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Indian Farmer will Continue Protests: Leader

Indian Farmer will Continue Protests: Leader

NEW DELHI – Leaders of farmers’ unions in India condemned the violence at a “tractor rally” organized by farmers in the Indian capital to demand the repeal of new farm laws.
On Tuesday, tens of thousands of farmers started the day in a convoy of tractors adorned with Indian and religious flags along the outskirts of New Delhi as the country celebrated its Republic Day.
But hundreds of protesters – some on horseback – strayed from approved routes, heading to government buildings in the city center where the annual Republic Day parade of troops and military equipment was taking place.
Some of the protesters reached the Mughal-era Red Fort compound in the oldest part of the capital, carrying ceremonial swords and dispersing police who tried to prevent them from entering.
Once inside, they affixed their own emblem to the flagpole where the Indian Prime Minister normally gives a speech on Independence Day in August.
Protest organizer Samyukt Kisan Morcha said: “We also condemn and regret the unwanted and unacceptable events that have taken place today and we dissociate ourselves from those who engage in such acts,” the group of agricultural unions said in a statement. Leaders of the farmers said the police pushed them to violence.
“When you attack a peaceful protest, the hardships for the government will surely increase,” union leader Kawalpreet Singh Pannu told AFP news agency.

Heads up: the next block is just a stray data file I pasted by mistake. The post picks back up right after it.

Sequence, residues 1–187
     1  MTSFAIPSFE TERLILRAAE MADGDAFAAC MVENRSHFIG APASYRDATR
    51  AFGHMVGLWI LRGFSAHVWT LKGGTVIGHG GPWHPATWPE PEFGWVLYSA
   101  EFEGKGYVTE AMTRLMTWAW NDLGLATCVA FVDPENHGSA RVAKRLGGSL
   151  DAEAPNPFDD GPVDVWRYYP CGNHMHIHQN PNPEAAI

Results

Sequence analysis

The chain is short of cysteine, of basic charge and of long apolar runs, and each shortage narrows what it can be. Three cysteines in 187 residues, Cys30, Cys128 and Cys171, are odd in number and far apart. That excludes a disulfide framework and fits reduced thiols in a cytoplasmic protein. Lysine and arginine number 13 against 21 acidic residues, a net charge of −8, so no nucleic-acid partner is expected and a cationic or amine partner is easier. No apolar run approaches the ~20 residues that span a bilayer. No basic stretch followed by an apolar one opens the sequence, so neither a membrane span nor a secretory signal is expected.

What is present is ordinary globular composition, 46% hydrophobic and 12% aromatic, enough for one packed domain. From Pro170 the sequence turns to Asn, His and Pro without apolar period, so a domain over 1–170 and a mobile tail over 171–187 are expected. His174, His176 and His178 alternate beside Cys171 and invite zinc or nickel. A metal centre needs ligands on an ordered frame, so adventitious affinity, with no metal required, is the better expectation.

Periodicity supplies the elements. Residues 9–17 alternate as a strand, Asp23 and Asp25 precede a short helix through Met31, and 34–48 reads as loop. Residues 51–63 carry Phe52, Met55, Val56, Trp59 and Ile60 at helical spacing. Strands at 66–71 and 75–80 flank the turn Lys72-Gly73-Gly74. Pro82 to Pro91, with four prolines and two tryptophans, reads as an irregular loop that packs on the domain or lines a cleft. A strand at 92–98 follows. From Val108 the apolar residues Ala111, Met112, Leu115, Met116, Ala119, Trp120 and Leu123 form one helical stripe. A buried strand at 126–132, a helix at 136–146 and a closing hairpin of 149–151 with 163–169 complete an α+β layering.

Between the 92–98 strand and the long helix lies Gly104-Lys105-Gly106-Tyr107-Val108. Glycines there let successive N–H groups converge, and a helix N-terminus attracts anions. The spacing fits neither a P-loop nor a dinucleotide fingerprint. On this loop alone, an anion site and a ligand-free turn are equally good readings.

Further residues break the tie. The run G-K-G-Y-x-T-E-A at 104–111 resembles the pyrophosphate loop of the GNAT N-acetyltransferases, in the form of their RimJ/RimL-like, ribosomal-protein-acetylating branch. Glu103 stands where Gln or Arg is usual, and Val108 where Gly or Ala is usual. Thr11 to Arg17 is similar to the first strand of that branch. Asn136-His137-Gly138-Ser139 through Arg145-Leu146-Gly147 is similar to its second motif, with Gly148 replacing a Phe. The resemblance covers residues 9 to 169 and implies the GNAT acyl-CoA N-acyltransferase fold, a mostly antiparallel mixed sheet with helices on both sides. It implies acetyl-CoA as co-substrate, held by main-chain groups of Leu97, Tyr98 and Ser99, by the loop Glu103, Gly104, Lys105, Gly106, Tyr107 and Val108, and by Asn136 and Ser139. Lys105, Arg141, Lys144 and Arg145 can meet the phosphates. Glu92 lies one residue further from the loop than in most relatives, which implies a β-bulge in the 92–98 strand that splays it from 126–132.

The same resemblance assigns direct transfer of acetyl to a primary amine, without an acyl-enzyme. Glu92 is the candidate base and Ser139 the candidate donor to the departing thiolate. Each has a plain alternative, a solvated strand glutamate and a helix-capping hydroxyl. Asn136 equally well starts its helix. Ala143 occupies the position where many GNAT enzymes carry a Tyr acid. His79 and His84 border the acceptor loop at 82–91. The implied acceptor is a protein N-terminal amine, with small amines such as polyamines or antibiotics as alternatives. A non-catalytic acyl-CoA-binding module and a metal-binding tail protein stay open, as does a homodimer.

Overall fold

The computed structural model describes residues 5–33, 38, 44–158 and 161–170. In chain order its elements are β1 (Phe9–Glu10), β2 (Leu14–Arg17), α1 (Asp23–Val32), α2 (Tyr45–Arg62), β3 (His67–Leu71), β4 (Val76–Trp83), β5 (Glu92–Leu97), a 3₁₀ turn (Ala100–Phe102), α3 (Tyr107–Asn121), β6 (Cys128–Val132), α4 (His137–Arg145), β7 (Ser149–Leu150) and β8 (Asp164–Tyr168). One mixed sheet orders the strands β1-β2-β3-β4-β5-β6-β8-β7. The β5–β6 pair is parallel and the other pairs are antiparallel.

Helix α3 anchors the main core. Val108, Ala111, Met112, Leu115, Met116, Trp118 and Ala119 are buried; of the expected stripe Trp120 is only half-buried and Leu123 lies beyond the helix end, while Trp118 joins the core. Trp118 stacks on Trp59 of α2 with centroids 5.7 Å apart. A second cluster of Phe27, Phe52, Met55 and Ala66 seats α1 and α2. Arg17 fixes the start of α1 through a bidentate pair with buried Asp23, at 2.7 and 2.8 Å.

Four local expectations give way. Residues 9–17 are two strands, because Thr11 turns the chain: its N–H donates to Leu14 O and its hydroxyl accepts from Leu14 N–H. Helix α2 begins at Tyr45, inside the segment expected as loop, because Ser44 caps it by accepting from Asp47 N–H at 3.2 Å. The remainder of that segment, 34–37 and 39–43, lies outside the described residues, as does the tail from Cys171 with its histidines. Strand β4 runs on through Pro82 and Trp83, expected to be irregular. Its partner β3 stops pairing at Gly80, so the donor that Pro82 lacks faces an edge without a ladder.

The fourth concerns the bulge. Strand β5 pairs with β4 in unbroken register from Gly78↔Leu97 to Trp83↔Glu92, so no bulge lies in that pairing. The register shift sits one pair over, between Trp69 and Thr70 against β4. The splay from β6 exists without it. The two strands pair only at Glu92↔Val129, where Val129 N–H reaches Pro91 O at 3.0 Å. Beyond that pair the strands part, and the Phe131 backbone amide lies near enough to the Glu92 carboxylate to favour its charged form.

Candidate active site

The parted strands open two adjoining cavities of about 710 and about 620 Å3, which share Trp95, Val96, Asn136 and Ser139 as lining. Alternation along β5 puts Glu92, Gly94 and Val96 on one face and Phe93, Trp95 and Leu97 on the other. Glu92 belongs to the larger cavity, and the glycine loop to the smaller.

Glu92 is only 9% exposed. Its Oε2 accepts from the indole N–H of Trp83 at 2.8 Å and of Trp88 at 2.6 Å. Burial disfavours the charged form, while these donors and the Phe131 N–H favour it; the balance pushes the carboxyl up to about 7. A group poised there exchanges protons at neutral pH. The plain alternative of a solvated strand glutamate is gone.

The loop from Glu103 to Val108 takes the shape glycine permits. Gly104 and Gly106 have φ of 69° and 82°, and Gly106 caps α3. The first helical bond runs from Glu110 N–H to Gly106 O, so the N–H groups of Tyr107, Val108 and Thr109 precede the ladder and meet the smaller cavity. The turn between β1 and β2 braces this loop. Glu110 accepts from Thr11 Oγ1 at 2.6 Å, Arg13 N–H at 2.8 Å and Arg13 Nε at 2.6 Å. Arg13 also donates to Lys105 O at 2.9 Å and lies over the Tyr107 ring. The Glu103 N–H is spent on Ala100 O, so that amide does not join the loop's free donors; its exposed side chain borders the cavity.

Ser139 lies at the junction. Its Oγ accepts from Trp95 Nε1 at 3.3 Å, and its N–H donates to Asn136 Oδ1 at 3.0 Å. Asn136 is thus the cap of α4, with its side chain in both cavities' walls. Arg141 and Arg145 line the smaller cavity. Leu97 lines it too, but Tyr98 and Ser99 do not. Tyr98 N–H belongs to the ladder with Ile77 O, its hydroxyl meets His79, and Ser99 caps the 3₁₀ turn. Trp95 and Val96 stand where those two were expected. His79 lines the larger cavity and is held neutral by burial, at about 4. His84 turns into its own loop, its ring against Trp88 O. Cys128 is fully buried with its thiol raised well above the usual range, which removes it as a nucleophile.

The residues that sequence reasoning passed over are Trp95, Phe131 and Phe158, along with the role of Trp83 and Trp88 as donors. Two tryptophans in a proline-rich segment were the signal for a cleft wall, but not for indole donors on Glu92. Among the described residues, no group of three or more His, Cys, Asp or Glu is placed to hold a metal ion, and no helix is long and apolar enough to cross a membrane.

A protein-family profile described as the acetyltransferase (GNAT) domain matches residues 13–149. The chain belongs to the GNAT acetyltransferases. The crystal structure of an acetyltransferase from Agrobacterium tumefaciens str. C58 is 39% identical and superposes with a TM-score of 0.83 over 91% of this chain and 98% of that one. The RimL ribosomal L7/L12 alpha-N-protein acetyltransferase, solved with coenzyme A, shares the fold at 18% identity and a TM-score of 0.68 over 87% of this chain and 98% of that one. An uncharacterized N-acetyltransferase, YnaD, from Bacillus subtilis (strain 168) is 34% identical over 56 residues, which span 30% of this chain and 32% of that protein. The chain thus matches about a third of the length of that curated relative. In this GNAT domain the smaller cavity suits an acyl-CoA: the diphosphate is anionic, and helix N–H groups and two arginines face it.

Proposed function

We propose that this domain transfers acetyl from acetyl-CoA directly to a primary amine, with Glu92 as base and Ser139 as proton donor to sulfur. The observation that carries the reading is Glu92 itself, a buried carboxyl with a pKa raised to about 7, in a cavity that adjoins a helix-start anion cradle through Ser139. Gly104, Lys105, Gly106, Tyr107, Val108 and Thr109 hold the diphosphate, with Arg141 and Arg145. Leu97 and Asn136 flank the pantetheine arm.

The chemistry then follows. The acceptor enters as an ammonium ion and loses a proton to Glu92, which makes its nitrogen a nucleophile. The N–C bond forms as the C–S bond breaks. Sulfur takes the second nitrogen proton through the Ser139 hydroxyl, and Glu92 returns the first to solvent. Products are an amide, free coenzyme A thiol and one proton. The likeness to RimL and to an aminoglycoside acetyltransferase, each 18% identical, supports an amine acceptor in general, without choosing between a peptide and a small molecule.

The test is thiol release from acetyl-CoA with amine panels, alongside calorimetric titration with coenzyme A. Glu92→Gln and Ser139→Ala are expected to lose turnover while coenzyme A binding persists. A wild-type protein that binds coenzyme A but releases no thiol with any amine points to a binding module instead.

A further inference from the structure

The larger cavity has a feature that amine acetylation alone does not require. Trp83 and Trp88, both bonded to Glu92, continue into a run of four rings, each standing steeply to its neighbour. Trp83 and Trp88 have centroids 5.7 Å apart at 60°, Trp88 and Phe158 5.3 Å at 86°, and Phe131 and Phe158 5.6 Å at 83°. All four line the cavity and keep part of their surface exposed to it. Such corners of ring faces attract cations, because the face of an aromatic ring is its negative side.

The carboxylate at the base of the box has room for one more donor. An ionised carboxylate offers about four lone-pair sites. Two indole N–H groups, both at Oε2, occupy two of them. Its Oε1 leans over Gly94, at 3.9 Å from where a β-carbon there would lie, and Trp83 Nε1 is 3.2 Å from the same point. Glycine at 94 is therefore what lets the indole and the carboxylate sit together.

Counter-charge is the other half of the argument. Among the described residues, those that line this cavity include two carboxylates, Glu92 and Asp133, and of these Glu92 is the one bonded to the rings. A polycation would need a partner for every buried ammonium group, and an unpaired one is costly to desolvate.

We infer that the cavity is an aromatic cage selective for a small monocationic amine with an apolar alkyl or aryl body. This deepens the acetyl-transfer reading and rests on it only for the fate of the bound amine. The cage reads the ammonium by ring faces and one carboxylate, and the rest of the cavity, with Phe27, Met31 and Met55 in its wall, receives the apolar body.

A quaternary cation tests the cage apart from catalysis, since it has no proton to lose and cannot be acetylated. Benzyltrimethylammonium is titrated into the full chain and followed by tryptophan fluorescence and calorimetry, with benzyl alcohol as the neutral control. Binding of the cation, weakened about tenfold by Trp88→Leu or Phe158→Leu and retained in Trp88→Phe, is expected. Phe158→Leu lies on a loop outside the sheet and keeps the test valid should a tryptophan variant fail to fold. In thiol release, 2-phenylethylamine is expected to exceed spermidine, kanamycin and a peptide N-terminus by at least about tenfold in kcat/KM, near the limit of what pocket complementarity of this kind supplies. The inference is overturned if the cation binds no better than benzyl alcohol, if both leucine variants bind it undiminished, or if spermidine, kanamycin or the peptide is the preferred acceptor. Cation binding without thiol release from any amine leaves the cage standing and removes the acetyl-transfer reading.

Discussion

“It won’t stop here. Our movement and our message are only getting stronger.”
On Twitter, the hashtag #PeacefulProtestsContinue was all the rage in India on Wednesday.
Pannu said a new protest will take place on February 1 in front of parliament when the government announces its annual budget.
Leaders of the farmers’ unions say they have enough supplies to run their protest camps for a year if needed.
Interior Minister Amit Shah held an emergency meeting on Tuesday evening over the two-month protests against agricultural laws that have become the biggest challenge for the Hindu nationalist government since taking office in 2014.
The Indian government ordered 2,000 paramilitary reinforcements in New Delhi after thousands of farmers battled the streets with police and stormed the 400-year-old Red Fort.
A number of main roads were blocked by police and security forces erected barricades, resulting in heavy traffic jams. Riot police were stationed near Fort Rouge.
Security has also been tightened on the outskirts of the city, where thousands of farmers have been camping since November.
Several New Delhi metro stations were closed for a second day, while internet services in many areas were suspended.
Farmers call for the repeal of three agricultural laws passed by Prime Minister Narendra Modi’s government in September last year.
While the government says the legislation will increase rural incomes, leaders of farmers’ unions say the laws will give Indian conglomerates control over the agricultural industry – the bedrock of the economy – and end guaranteed prices for most agricultural products.
Peasant leaders rejected the government’s offer to suspend law enforcement for 18 months.
Ten rounds of talks between agricultural unions and ministers failed to break the deadlock.
Smaller farmer protests took place in Mumbai and Bangalore and in the states of Punjab and Haryana.

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